Hierarchical policy design for sample-efficient learning of robot table tennis through self-play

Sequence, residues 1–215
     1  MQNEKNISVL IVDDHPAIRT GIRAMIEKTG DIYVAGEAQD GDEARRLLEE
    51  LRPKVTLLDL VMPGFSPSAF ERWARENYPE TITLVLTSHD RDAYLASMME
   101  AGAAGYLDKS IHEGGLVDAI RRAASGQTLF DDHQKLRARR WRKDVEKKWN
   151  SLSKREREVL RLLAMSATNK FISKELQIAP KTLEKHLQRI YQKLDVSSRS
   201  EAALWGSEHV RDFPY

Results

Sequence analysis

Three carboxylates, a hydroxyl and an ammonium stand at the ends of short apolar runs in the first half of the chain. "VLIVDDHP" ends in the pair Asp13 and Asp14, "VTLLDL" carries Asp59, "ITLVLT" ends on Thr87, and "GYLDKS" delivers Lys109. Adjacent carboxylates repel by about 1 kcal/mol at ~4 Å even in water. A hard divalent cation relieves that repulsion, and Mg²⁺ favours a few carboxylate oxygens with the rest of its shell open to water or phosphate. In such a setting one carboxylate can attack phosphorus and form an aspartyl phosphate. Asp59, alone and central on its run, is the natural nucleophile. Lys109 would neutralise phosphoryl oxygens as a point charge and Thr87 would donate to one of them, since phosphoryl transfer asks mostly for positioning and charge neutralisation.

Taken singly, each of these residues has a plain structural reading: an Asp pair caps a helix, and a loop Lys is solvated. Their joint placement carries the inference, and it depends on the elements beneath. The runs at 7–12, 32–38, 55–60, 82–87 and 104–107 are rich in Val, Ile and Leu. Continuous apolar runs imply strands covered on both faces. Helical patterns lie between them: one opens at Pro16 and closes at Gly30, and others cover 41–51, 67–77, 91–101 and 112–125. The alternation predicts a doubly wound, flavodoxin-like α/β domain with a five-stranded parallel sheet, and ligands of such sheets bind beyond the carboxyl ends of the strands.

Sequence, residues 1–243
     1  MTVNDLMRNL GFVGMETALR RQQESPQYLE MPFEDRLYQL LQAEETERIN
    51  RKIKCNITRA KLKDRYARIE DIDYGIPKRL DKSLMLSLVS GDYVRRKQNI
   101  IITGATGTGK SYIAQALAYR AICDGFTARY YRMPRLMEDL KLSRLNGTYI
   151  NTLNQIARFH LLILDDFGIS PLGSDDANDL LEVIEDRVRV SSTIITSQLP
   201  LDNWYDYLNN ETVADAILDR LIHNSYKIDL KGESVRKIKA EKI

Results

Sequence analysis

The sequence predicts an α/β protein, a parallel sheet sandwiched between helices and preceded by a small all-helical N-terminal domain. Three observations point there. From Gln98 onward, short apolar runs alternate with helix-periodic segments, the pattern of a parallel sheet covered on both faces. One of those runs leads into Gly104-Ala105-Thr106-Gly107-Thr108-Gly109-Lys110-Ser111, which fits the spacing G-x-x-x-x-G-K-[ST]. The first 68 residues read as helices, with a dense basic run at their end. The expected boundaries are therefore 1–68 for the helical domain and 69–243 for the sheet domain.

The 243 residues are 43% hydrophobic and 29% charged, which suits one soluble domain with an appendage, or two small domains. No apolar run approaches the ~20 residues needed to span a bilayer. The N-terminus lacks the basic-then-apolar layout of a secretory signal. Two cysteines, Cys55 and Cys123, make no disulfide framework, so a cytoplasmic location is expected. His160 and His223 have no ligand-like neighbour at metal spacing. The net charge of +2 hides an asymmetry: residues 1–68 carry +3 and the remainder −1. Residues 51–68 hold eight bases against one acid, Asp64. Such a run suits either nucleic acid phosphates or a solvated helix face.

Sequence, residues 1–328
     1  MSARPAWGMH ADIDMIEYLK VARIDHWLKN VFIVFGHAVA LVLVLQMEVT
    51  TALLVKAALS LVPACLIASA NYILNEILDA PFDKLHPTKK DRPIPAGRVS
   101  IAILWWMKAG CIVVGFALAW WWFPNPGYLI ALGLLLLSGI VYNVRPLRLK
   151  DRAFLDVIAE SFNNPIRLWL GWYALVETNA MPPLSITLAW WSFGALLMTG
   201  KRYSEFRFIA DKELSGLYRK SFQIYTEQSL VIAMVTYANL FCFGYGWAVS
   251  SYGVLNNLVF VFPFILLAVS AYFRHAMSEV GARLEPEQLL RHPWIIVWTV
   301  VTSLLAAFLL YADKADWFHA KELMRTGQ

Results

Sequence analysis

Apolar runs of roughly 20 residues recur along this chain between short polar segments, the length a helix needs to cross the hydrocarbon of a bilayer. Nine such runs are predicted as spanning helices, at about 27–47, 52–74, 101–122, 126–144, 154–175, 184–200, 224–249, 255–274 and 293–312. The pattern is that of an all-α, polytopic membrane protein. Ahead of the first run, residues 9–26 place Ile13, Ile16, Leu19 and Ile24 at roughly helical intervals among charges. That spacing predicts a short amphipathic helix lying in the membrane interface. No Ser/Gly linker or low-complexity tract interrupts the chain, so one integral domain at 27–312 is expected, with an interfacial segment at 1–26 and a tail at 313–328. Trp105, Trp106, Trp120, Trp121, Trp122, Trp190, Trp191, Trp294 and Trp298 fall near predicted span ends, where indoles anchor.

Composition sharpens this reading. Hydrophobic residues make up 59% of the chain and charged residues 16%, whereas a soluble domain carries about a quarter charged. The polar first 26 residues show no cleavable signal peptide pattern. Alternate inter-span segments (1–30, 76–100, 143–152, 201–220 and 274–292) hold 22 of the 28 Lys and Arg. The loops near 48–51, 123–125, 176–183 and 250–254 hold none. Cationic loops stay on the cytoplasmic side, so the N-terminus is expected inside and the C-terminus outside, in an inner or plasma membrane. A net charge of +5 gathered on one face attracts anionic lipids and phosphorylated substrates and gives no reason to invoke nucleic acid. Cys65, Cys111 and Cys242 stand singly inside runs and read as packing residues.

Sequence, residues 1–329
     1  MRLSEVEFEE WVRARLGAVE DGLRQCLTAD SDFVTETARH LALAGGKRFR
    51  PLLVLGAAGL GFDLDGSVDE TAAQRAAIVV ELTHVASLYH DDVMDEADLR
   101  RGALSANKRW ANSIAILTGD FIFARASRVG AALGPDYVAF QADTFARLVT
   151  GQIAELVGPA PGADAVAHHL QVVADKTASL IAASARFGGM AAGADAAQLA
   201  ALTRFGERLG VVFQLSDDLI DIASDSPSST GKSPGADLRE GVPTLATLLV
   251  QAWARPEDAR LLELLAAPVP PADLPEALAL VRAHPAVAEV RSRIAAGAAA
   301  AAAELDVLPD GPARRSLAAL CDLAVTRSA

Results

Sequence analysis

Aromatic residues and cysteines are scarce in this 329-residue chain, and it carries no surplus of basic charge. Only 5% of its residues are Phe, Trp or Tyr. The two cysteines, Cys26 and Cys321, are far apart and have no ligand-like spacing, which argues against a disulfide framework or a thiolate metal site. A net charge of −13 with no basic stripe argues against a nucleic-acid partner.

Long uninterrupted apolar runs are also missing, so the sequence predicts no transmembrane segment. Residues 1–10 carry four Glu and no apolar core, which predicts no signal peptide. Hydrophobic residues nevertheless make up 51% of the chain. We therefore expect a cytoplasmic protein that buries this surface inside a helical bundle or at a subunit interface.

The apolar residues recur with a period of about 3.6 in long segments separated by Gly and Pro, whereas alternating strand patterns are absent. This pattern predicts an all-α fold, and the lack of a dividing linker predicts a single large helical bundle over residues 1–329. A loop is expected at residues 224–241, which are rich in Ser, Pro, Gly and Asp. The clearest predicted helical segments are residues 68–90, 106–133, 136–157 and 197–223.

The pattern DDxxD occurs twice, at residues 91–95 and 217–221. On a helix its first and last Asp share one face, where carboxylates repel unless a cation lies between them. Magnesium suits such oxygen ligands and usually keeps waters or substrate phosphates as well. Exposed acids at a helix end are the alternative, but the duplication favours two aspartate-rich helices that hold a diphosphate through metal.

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Training robots with physical bodies requires developing new methods and action representations that allow the learning agents to explore the space of policies efficiently. This work studies sample-efficient learning of complex policies in the context of robot table tennis. It incorporates learning into a hierarchical control framework using a model-free strategy layer (which requires complex reasoning about opponents that is difficult to do in a model-based way), model-based prediction of external objects (which are difficult to control directly with analytic control methods, but governed by learnable and relatively simple laws of physics), and analytic controllers for the robot itself. Human demonstrations are used to train dynamics models, which together with the analytic controller allow any robot that is physically capable to play table tennis without training episodes. Using only about 7000 demonstrated trajectories, a striking policy can hit ball targets with about 20 cm error. Self-play is used to train cooperative and adversarial strategies on top of model-based striking skills trained from human demonstrations. After only about 24000 strikes in self-play the agent learns to best exploit the human dynamics models for longer cooperative games. Further experiments demonstrate that more flexible variants of the policy can discover new strikes not demonstrated by humans and achieve higher performance at the expense of lower sample-efficiency. Experiments are carried out in a virtual reality environment using sensory observations that are obtainable in the real world. The high sample-efficiency demonstrated in the evaluations show that the proposed method is suitable for learning directly on physical robots without transfer of models or policies from simulation.